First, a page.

Sorry, I should've said "I'll be able to try but not buy!" ...
Sorry, I should've said "I'll be able to try but not buy!" ...
So (from an Italian Forum) the new Borgani serials start with: OBS for sops, OBA for altos and OBT for tenors... this still doesn't explain the OB1222 number... another transitional...
I have mailed them again asking for more info,see what they say.
Just a note of warning about new Borganis. On the best-known Italian sax forum (saxforum.it) there are several posts mentioning that they now procure parts in china (or taiwan, whatever it is) and assemble them in the italian factory.
One of the posters mentions as evidence the fact that they no longer allow the visitor to access the factory (which is exactly where their shop is), something they did with pride in the past.
The thread is HERE very long and... in Italian.
I leave up to you whether you believe these words or not: in my case, I would be very careful to buy a new Borgani without trying or without the ability to return it if not satisfied.
If I had to buy a Borgani, it would not be a brand new one at ''premium'' price, justifiable by a hand making, not hand-assembling process.
Hmmm, I don't know which parts I would consider acceptable to be sourced from other than Macerata - certainly not the neck, body, bow, and bell. There's something about the individual pieces of the mechanism that have that character that I associate with fine Italian pistols and shotguns as well. If they went with a similar mechanism from Taiwan or similar, I should think it would be readily apparent. If not, then they retain their character and it's all good.
More news would be welcome in this.
Did you know that you can type a URL into http://translate.google.com/ and it translates all the content on the fly? Fun stuff. Of course, the thread at the Italian sax forum runs 20 pages!
Seems that SotW is not the only sax forum that gets a lil' longwinded...
Yes, I use that feature sometimes but the results are what they are...
Better than nothing though.
I wasn't going to mention that thread, as did not give any real conclusions, only some "educated" guesses and rumours.
I have read the entire thread and it does wander off topic quite a lot (hence its length!): the main issue here seems to be that B. is not being open about where exactly the bodies are made. They say that the bells are hand hammered, but nobody knows where is the facility to carry out this process, B. does not allow anyone to visit their factory and see the instruments being made/assembled (as opposed to say R&C who are very happy for anyone to visit their factory). O.B. says in an interview that these allegations are nonsense, however does not provide proof to disprove this... and that's it. You can draw your own conclusions and I won't say any more about it!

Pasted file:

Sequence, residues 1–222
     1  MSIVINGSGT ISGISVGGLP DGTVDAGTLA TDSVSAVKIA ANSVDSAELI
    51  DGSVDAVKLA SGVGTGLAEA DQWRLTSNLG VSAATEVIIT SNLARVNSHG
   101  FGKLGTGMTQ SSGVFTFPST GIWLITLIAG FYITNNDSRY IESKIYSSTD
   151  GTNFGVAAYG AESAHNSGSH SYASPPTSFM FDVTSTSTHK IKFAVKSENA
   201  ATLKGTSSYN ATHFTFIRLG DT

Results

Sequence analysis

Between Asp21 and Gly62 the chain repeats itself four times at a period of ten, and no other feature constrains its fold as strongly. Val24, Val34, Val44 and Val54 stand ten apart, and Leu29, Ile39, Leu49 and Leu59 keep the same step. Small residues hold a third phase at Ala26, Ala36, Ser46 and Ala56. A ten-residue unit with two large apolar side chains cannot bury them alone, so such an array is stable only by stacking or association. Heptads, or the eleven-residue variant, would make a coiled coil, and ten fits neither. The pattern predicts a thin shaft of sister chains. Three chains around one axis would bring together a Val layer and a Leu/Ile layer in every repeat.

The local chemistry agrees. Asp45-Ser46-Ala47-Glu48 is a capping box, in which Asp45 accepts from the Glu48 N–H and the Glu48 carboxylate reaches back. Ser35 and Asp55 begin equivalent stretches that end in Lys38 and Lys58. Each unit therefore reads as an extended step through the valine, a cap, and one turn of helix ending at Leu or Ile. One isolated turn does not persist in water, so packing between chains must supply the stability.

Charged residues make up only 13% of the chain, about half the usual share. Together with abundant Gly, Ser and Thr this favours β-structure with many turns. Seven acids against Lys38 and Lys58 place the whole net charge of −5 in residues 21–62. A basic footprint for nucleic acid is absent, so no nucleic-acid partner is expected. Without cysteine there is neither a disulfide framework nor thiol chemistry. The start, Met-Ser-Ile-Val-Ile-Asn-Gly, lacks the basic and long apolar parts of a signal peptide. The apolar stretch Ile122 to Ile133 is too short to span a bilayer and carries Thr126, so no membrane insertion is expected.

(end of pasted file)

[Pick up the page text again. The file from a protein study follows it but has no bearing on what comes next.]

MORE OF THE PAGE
This guy went to the factory,read on.
I learn that the company produces around 350 saxophones per year. As more enquiries about a Borgani baritone are being received, Orfeo is seriously considering adding a baritone to the catalogue. It’s a big step. It involves research and design and - more critically - investment in a new batch of tools and machines with which to make the larger horn. Everything is made here in the factory except for key posts and pads. These are made locally by a contractor and bought in. The standard of these subcontracted items is closely monitored. For the pads, special felt is specified. Plastic, gold, copper and silver reflectors can be chosen.
Now I’m taken on a conducted tour of the factory. I see the conical tubes of crooks and bodies being beaten into shape on a mandrel, then extruded through a lead collar and hand finished. Necks begin as a straight, conical, tube. They are loaded by flowing in warm pitch (distillation of tar). At room temperature the pitch becomes rigid, brittle. The neck is then bent by hand in one movement. A special-purpose pipe bending tool of the sort used by pipe-fitters is used. The pitch inside prevents the tube collapsing and can easily be broken up and removed from the curved neck. Tone holes are extruded hydraulically. Then follows more polishing and finishing of the bare bodies and bells.